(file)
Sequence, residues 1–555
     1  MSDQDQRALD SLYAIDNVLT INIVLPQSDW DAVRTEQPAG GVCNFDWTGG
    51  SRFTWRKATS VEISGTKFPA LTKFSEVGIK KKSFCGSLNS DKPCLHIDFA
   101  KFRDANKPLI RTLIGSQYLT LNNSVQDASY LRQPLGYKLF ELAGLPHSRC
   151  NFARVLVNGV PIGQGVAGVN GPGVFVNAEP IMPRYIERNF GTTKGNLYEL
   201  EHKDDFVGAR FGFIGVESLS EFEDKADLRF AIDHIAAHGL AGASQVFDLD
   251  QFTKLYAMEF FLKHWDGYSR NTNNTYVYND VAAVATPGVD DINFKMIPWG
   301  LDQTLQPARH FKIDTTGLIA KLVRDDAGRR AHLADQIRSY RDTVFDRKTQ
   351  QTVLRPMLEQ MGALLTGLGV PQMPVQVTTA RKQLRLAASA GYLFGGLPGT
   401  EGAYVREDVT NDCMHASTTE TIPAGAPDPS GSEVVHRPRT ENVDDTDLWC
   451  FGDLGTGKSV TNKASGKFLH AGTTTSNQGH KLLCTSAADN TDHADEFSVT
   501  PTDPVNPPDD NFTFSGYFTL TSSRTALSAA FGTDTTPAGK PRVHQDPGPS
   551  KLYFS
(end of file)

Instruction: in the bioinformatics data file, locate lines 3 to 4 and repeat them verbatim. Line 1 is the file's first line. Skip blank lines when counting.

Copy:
    51  SRFTWRKATS VEISGTKFPA LTKFSEVGIK KKSFCGSLNS DKPCLHIDFA
   101  KFRDANKPLI RTLIGSQYLT LNNSVQDASY LRQPLGYKLF ELAGLPHSRC